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March 17th, 2016
Infrastructure • Cities • Technology

Transportation in New York

In the 2000s, New York City’s Metropolitan Transportation Authority had still not come to terms with the new world of technical innovation and open data. Only recently has it opened up and distributed its service and schedule information free to app developers and customers alike. As its then chairman and CEO, Jay Walder, said: “We need to get out in front of the data sharing revolution.”

The initiative

By 2010, smaller transit agencies around the country had shown that an open data model was a low-cost approach to improving customer information. To keep pace, the MTA launched a dynamic information website, including a developer's resource centre that enabled free use of its open data feeds to developers who were building mobile apps and websites.

The change in culture came from the top: Jay Walder, formerly at Transport for London, became the MTA's new chairman and CEO in the autumn of 2009. As he said: “We need to get out of our own way and instead get out in front of the data sharing revolution”. [1] Under his leadership, the MTA opened up its operations data:

  • MTA schedule, route and fare information was available directly from the MTA website in a standard format, and updated whenever the service changed.
  • The agency also unveiled a revised website based on an open standards approach.
  • This approach also allowed it to build and modify the Bus Time app using off-the-shelf hardware and software, to work with a variety of firms as the need arose, and to retain control over any improvements and extensions to the system.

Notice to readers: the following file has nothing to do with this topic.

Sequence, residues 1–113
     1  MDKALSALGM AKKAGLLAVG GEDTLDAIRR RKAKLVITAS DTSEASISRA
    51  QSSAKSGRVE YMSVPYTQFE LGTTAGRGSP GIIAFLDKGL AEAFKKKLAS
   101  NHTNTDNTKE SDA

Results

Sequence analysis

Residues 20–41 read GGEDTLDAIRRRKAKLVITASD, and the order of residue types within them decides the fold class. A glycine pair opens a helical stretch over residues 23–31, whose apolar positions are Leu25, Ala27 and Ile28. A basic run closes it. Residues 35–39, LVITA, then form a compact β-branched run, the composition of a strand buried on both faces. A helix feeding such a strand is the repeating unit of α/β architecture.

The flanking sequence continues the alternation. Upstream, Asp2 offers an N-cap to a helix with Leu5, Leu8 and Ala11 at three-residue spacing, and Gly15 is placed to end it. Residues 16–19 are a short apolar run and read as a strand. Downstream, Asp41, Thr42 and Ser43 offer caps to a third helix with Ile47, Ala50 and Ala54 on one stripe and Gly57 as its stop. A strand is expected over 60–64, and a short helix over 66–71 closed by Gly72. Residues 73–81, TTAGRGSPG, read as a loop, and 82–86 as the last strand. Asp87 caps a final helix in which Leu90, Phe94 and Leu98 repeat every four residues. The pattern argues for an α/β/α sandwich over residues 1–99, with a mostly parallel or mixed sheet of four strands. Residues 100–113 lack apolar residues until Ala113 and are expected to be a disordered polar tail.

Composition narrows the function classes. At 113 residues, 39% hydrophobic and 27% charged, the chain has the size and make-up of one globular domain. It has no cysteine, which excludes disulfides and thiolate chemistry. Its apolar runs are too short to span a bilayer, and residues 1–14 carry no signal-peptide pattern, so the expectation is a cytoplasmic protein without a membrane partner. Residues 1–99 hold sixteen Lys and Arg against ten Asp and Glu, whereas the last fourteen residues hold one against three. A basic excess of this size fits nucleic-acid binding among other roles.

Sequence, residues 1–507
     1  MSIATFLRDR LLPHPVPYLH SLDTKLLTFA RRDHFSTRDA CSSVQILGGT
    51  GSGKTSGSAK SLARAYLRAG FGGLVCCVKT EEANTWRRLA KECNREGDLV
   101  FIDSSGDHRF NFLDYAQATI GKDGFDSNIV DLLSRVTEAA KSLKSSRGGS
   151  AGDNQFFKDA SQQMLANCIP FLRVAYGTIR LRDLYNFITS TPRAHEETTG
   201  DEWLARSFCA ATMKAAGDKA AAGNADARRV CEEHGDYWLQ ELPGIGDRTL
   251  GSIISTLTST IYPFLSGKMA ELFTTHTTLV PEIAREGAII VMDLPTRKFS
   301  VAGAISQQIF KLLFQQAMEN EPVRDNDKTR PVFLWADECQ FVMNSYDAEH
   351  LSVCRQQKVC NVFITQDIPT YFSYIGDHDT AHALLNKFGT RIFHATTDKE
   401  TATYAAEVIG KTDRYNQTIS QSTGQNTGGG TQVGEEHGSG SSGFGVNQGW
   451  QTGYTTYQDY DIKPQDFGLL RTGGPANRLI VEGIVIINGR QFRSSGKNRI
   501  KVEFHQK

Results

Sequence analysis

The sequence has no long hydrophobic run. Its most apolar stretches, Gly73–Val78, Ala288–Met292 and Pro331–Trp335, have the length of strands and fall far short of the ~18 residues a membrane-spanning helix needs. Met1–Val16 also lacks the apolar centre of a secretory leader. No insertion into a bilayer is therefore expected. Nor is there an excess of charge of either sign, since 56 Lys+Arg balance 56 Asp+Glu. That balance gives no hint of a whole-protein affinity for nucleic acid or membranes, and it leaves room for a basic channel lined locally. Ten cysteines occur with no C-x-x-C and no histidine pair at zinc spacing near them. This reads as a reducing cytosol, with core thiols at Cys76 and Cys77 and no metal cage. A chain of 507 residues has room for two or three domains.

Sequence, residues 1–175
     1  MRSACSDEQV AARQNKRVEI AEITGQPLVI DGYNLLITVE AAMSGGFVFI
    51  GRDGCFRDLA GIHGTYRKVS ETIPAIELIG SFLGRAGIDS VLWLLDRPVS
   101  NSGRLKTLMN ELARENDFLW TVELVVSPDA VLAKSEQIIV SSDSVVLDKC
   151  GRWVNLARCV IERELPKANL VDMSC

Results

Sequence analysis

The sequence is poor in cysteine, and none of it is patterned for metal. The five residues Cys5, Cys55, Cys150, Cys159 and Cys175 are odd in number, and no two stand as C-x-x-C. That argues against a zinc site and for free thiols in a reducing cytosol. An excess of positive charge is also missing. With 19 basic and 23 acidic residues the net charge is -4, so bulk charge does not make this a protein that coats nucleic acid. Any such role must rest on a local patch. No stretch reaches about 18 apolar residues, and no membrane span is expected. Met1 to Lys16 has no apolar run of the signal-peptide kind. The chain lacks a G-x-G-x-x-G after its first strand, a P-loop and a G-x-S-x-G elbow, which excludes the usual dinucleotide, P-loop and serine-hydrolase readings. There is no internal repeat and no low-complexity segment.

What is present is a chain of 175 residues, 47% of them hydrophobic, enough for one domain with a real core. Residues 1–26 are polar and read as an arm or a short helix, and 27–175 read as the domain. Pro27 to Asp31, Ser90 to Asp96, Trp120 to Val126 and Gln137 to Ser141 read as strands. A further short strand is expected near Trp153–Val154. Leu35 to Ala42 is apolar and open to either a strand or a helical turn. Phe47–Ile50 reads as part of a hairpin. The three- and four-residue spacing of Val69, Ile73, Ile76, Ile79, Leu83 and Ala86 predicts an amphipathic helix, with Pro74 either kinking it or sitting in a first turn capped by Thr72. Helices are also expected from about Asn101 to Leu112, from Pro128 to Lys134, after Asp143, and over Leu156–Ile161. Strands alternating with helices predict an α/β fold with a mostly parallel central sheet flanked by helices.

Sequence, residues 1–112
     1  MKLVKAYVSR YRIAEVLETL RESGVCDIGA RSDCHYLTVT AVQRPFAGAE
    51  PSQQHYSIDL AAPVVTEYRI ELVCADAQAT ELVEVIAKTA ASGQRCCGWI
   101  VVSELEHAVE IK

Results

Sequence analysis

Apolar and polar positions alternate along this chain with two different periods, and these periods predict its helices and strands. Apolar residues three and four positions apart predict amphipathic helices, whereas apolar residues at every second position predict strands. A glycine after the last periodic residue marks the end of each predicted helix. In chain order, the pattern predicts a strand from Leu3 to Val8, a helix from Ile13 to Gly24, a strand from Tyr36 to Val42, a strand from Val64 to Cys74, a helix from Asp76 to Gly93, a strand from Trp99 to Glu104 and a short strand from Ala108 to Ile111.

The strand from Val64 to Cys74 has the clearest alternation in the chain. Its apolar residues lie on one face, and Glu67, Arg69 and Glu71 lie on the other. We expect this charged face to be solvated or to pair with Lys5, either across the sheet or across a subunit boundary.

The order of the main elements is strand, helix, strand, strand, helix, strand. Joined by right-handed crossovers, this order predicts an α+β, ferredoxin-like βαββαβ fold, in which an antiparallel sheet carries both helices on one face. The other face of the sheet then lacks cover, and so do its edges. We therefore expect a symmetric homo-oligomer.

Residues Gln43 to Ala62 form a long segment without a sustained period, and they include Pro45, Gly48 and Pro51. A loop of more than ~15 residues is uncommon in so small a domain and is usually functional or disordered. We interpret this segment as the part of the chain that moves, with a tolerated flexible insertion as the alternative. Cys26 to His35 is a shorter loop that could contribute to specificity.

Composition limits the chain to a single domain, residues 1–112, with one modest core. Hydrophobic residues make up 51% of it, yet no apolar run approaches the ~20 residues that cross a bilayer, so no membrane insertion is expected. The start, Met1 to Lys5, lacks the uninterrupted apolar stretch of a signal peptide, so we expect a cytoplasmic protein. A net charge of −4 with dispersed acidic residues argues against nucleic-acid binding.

The challenge

In 2007, New York City's Metropolitan Transportation Authority (MTA) found itself struggling in an age of open information.

App developers wanted to use MTA data, but had to submit freedom of information requests to get it, while the agency's intellectual property lawyers threatened to sue them. Developers argued that demand existed for this information and that they were finding ways of getting schedule and route data anyway - by screen-scraping it off the MTA website, filing freedom of information requests or generating their own data.

By keeping its transportation data locked up, New York risked its already poor travel system falling further behind those of the world's other great cities.

The public impact

The MTA's open data policy has had positive effects for app developers and users of its transit system:

  • It now offers a “rich quantity of data” [2], which includes a “great variety of real-time data types that are not commonly seen in other agencies”.
  • In the two years since the MTA released its first data sets, independent software developers have built nearly 70 apps. These are the product of several rounds of apps contests (‘App Quests') held by the MTA and the city of New York.
  • The MTA has seen an 8 percent drop in call centre volumes and costs.
  • Customer surveys have shown a significant improvement in MTA's image.
  • There is increased income from licensing fees,
  • It has encouraged the development of apps critical to niche groups that might otherwise not be served, such as the disabled.
  • The New York subway system “hosts a catalogue of 86 iPhone apps on its website, many of which were created by independent developers.” [3]

Stakeholder engagement

Engagement between the MTA and app developers was strong, as was engagement with other sections of the community:

  • In developing certain apps, the MTA collaborated with students. For example, to help fill in the gaps in its apps, it turned to a team of electrical engineering graduate students from Columbia University and the City College of New York. They devised a smart way to improve real-time location information.
  • MTA holds App Quest contests, designed to increase the diversity of apps while ensuring that it maintains overall control of the process. It specifies the customer needs to be addressed and offers prizes totalling US$50,000 to stimulate the development of relevant apps.

Political commitment